Bud Kennedy

March 13, 2014

Who is Jim Hogan? The Johnson County farmer is this year’s anti-candidate

The Cleburne Democrat surprised everybody but himself by leading the race for agriculture commissioner.

Johnson County farmer Jim Hogan doesn’t really want to be a Democrat or a Republican.

“I just want to be a good agriculture commissioner for Texas,” he said Thursday, facing 10 more weeks of not-really-campaigning before the May 27 Democratic primary runoff against author and comedian Kinky Friedman.

Hogan, 63, is this year’s Texas anti-politician. He doesn’t make speeches and doesn’t want donations, or any of that foolishness.

“All these party people call, and they want to talk about me being a Democrat and whether I’ll campaign for them,” he said.

“That’s exactly what I don’t want anything to do with. I’m not running to be a Democrat. I’m running because some people in Texas want somebody who cares about agriculture.”

Hogan came from nowhere to make the runoff, even losing Johnson County to Friedman.

State Democratic party leaders, if that term still applies, recommended a candidate named Hugh Asa Fitzsimons III.

Look, Texans are never going to vote for anybody named Hugh Asa Fitzsimons III over a Jim Hogan.

Fitzsimons finished third. Frontrunner Hogan and second-place Friedman, both with a murky history of party loyalty, meet in the runoff with the winner facing either Republican Tommy Merritt of Longview or Sid Miller of Stephenville.

Hogan, who raises Angus cattle on about 130 acres, campaigned mostly at small party events. He delivered a press packet to the Star-Telegram, but left it at our Edgecliff Village printing center.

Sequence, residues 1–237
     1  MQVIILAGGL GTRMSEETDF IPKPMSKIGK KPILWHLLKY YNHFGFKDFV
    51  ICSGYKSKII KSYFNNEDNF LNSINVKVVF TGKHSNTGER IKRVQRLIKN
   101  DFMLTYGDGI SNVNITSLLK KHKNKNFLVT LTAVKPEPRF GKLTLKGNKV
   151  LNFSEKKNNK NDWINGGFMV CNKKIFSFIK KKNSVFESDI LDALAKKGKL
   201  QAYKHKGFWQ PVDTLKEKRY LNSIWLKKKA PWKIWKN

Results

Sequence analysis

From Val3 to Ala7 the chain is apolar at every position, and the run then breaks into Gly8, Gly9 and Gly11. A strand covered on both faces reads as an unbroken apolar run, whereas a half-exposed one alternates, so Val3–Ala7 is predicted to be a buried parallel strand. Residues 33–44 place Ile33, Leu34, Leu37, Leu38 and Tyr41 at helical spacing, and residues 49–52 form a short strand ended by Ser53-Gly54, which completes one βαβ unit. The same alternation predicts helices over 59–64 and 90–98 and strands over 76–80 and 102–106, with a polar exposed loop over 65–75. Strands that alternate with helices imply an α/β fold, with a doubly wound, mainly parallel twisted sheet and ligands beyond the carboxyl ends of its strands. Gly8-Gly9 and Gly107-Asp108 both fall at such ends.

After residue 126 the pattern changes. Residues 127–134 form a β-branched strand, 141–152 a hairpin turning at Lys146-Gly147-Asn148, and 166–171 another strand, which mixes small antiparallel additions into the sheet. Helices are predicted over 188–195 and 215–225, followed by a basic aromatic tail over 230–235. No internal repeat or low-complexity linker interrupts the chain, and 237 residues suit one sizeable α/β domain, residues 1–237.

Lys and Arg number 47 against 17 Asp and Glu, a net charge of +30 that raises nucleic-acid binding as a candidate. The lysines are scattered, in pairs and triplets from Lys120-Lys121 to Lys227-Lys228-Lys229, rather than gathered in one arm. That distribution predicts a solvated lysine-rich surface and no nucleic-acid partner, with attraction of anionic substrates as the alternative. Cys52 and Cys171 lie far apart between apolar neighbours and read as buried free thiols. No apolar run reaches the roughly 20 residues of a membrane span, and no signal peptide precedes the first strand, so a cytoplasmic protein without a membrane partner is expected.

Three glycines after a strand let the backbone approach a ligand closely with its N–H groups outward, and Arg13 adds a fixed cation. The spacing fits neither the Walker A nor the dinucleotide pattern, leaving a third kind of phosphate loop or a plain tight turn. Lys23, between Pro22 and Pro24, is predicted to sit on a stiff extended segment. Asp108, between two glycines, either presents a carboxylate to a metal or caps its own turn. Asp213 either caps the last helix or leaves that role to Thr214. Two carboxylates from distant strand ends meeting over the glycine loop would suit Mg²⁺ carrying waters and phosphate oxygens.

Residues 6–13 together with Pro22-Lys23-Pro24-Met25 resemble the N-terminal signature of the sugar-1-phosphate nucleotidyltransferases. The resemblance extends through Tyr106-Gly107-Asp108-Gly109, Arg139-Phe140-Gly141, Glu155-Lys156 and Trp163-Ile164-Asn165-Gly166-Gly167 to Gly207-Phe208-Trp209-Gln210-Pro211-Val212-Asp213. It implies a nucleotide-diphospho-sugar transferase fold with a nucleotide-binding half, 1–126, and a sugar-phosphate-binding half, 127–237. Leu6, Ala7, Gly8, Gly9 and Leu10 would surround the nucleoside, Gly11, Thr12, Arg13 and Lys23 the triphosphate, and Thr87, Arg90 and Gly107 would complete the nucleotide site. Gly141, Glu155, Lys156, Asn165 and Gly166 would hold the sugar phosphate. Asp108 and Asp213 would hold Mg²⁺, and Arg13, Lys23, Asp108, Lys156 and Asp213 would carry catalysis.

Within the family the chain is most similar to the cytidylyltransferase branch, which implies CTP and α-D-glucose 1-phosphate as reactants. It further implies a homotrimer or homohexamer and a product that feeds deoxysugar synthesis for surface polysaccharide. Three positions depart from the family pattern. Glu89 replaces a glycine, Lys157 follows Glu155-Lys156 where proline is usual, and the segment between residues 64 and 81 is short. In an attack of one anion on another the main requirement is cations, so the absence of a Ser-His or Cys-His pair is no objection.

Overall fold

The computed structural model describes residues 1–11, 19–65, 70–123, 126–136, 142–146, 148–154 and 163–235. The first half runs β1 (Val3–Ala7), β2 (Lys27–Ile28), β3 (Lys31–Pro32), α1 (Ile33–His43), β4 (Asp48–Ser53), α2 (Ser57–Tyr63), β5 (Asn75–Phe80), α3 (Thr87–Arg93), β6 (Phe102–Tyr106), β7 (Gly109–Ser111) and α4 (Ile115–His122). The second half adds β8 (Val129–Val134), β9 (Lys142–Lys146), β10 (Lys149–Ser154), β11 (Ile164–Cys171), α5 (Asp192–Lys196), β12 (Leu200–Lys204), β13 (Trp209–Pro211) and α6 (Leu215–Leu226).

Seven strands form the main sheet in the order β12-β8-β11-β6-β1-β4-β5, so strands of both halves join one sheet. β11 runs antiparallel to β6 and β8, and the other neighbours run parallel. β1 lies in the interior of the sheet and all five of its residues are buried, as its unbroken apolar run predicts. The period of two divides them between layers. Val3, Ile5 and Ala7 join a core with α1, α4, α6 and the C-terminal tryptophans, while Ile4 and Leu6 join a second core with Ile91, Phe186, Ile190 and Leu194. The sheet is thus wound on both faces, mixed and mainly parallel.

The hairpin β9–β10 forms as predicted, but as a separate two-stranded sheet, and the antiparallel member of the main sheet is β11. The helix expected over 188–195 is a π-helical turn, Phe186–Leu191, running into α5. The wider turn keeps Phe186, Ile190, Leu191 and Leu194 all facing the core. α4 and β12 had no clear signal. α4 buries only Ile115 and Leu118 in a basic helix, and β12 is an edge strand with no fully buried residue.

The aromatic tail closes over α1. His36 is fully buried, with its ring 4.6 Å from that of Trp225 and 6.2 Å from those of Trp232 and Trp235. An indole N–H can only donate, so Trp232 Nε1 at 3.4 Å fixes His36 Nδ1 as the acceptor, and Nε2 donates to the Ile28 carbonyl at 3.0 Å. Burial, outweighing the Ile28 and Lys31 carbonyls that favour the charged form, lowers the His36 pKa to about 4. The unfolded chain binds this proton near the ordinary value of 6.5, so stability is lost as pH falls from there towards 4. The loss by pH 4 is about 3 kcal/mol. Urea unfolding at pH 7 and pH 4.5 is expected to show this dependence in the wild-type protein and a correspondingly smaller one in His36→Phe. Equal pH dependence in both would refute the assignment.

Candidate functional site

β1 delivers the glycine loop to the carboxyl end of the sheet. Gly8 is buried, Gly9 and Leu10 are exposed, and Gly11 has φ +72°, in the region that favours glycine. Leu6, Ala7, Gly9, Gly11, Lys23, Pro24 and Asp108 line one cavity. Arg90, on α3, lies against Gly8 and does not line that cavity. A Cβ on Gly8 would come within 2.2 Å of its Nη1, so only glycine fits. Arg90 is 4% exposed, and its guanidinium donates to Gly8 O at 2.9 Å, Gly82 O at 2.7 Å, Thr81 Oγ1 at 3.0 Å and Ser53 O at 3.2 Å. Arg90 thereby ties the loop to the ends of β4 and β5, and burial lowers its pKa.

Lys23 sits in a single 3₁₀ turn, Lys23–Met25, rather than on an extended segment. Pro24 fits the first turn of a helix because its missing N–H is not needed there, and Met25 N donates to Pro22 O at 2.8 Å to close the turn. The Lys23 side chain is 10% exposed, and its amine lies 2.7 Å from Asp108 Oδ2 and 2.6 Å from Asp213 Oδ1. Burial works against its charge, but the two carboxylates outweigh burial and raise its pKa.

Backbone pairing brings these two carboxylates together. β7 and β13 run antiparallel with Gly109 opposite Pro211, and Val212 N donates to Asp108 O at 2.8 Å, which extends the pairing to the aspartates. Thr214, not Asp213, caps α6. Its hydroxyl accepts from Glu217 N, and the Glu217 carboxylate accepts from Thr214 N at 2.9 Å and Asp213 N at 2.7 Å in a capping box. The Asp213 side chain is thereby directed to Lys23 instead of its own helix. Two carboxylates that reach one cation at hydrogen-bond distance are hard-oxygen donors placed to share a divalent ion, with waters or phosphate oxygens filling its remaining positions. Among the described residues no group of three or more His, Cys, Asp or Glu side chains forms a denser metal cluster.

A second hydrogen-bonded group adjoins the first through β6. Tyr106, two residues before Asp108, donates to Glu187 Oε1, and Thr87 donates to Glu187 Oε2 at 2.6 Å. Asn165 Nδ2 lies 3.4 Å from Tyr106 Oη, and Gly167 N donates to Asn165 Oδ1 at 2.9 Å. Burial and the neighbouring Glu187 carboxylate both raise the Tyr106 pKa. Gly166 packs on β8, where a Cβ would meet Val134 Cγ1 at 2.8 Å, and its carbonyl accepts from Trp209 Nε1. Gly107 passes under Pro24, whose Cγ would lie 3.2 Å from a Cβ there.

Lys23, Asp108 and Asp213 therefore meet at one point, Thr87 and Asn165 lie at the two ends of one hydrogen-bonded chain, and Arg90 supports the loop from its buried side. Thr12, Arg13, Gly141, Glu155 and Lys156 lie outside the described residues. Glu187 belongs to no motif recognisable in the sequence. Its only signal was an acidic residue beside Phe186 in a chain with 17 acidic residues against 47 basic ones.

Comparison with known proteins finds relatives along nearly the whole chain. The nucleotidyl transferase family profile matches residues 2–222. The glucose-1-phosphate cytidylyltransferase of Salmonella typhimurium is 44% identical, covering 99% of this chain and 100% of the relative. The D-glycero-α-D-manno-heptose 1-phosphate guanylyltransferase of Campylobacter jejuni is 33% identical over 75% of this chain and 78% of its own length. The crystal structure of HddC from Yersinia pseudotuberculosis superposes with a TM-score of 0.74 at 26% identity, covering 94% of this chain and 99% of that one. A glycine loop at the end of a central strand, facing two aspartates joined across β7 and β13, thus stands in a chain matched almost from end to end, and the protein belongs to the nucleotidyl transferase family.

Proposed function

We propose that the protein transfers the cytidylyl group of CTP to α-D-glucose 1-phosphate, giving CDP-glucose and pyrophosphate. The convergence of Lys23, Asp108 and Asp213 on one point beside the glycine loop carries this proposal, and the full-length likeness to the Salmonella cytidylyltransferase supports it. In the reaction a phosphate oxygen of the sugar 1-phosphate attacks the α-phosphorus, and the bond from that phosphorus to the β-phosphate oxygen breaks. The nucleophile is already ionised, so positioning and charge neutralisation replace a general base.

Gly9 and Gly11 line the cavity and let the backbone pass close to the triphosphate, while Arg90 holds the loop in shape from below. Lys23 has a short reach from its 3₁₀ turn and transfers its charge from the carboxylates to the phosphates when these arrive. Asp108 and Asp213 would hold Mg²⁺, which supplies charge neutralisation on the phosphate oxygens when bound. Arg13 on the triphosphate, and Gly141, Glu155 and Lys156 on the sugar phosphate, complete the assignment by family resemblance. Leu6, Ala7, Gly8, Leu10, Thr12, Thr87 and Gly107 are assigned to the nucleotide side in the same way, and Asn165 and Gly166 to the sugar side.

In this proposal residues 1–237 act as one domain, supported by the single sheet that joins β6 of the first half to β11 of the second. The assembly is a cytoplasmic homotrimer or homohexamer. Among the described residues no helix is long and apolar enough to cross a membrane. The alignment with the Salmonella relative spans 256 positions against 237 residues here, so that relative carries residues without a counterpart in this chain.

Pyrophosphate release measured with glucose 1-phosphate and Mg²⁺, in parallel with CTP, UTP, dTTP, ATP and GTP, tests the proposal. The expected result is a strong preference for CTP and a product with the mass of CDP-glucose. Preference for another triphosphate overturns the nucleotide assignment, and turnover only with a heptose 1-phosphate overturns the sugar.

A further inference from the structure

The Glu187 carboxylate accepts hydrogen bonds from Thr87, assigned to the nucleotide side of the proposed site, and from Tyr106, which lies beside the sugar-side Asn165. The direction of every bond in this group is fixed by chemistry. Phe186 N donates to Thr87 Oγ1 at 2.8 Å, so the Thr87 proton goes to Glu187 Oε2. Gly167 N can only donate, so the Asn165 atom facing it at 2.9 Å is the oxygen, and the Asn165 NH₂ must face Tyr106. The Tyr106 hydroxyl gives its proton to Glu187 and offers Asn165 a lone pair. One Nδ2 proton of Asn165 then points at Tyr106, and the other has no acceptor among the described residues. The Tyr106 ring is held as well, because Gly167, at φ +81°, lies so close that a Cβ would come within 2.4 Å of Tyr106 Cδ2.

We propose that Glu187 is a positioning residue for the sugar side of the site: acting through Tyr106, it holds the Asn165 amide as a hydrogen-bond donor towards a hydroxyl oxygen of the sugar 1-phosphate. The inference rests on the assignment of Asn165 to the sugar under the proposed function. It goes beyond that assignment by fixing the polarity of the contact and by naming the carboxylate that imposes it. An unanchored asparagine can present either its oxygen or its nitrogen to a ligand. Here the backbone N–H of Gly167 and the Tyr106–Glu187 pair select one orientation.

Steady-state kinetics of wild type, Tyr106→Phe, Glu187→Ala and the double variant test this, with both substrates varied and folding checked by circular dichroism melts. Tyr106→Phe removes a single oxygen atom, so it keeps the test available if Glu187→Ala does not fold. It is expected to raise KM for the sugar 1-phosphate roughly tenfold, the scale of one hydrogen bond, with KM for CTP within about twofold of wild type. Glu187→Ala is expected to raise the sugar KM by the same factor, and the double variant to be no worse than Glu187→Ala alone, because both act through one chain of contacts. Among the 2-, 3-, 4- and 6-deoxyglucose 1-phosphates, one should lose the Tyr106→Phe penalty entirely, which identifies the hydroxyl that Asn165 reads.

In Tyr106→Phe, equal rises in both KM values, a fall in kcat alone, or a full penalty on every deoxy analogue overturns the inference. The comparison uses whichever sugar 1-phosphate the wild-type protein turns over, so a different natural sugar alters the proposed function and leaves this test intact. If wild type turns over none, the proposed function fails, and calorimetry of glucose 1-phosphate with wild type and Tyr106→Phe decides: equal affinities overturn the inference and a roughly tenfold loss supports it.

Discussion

He’s become something of a celebrity longshot, subject of the fondly snarky website whoisjimhogan.com. It includes his explanation to the Texas Observer for not having a website: “All you gotta do is Google my name.”

He grew up on West Mason Street in Fort Worth with parents Elsie and Bill Hogan, a Stockyards cattle trader with a ranch on Silver Creek Road, and graduated from Mansfield High School.

And yes, he said, he’s distantly related to golfer Ben Hogan.

“I’ve got relatives buried with his in the Dublin cemetery,” Jim Hogan said.

The way he sizes up the election, he’s got a chance.

“There’s two choices,” he said.

“You’ve got Kinky, and he don’t even really want this deal. All he wants to do is sell his shirts and books and make a livin’. I told him, ‘You’re a sly ol’ dog.’

“He wants to talk about pot. This job doesn’t have anything to do with pot. I want to talk about hay and cows and tomatoes.”

In the Republican primary, he said, “You got Merritt, and you got — what’s his name? — Miller, he’s a cowboy. The biggest thing that hurts both of them is, they were both in the Legislature so long.”

He added proudly: “I’ve never been in the Legislature.”

Hogan said he admires humorist Will Rogers.

“I’m not a politician, but I am a smart individual,” he said, explaining that he doesn’t need to have a platform because “I’ve got ideas.”

“I think I can do a good job for the farmers and ranchers of Texas,” he said.

“That is, if I can just weed through all the politics.”

And through the weed.

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